Sexual Abuse: A Journal of Research and Treatment [saj] pp916-sebu-469148 July 22, 2003 19:50 Style ﬁle version Nov 28th, 2002
Sexual Abuse: A Journal of Research and Treatment, Vol. 15, No. 4, October 2003 (
The Use of Actuarials at Civil Commitment
Hearings to Predict the Likelihood
of Future Sexual Violence
Fred S. Berlin,
Nathan W. Galbreath,
and Gerard McGlone
Some have argued that actuarial methods such as the RRASOR, the MNSOST-
R, and the Static-99, can outperform clinical judgments when utilized at a civil
commitment hearing to make a prediction. Although actuarial data can be used
to identify a group of persons to be considered for possible civil commitment,
at present it cannot be used to accurately predict the likelihood of future acts of
sexual violence with respect to any speciﬁc individual within such a group. For that
reason, it might be best to restrict the use of actuarial data to the initial screening
process, rather than introducing it at the commitment hearing itself.
KEY WORDS: actuarials; RRASOR; MNSOST-R; Static-99; sexual-predator; civil-committment.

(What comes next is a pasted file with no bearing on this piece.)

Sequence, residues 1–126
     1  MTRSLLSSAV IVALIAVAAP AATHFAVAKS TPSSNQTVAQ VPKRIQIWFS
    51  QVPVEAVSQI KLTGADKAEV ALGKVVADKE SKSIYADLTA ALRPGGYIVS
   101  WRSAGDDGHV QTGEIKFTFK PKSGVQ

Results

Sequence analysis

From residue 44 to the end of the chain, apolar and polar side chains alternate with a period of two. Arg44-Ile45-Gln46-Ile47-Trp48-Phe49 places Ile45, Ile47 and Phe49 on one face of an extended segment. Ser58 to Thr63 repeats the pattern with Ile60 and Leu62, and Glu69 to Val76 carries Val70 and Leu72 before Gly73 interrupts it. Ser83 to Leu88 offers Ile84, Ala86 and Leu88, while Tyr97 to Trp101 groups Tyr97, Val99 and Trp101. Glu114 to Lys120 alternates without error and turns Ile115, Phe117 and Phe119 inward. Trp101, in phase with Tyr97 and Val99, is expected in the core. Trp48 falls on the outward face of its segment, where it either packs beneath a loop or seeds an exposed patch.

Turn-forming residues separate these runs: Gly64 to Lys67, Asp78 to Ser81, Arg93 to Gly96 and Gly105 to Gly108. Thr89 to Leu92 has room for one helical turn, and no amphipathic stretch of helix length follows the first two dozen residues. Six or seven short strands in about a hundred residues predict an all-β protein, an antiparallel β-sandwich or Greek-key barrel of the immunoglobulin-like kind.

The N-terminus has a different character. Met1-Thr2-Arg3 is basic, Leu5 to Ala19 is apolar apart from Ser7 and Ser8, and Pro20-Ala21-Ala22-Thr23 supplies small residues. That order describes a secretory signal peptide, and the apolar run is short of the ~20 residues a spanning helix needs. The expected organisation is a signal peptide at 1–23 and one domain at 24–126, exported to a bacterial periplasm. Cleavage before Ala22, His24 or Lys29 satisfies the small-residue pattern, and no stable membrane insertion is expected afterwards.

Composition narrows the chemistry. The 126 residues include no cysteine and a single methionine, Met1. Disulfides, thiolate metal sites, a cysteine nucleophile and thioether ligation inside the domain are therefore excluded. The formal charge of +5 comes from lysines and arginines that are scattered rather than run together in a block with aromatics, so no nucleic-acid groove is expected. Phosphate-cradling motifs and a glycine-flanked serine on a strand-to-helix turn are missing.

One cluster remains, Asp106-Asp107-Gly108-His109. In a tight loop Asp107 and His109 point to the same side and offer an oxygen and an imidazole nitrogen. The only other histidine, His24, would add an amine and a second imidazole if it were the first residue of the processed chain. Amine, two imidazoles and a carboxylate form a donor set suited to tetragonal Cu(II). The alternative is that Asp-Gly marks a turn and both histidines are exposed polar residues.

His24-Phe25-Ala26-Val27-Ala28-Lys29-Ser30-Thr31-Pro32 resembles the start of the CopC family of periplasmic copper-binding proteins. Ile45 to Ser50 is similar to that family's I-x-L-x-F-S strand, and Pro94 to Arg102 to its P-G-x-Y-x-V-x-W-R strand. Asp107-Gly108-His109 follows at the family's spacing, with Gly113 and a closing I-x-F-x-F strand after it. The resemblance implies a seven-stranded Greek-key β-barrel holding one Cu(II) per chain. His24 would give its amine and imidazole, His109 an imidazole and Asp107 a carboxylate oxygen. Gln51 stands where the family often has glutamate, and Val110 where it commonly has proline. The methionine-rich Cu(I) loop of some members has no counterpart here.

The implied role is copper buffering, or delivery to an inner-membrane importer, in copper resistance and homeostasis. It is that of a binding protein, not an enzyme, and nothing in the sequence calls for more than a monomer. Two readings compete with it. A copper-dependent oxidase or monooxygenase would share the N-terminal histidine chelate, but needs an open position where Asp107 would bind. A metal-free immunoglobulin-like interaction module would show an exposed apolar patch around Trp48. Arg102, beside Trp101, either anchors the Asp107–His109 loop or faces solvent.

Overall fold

The civil commitment of so-called “sexually violent predators” requires that
a prediction be made regarding the likelihood that a given individual will engage
in future acts of “sexual violence.” In an effort to make any such prediction as
accurate as possible, a variety of actuarial methods have been proposed.
Utilizin an actuarial method to make a prediction involves documenting the
existence of a statistical correlation between the presence of certain “risk factors”
and a particular outcome. For example, when setting premium costs, a medical
insurance company needs to have some sense of which groups of individuals are
likely to be at heightened risk of having a heart attack in the future. A group that
The Johns Hopkins University School of Medicine, Baltimore, Maryland.
To whom correspondence should be addressed at The Department of Psychiatry and Behavioral
Sciences at The Johns Hopkins University School of Medicine, 104 East Biddle Street, Baltimore,
Maryland 21202; e-mail: email@example.com.
Department of Medical and Clinical Psychology, Uniformed Services University of Health Sciences
(Any opinions expressed do not reﬂect the policy of the Department of Defense, or of the U.S.
Ainforce, but are those of the authors.)
2003 Plenum Publishing Corporation